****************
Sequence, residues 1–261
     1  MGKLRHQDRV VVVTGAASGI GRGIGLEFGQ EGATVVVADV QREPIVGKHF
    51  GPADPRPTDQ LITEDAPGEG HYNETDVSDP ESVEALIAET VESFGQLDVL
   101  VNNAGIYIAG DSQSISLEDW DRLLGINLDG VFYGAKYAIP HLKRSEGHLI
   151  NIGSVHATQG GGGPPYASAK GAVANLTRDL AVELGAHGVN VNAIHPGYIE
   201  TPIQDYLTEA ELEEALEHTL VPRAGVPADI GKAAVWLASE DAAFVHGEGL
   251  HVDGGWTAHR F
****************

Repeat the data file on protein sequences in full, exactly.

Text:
Sequence, residues 1–261
     1  MGKLRHQDRV VVVTGAASGI GRGIGLEFGQ EGATVVVADV QREPIVGKHF
    51  GPADPRPTDQ LITEDAPGEG HYNETDVSDP ESVEALIAET VESFGQLDVL
   101  VNNAGIYIAG DSQSISLEDW DRLLGINLDG VFYGAKYAIP HLKRSEGHLI
   151  NIGSVHATQG GGGPPYASAK GAVANLTRDL AVELGAHGVN VNAIHPGYIE
   201  TPIQDYLTEA ELEEALEHTL VPRAGVPADI GKAAVWLASE DAAFVHGEGL
   251  HVDGGWTAHR F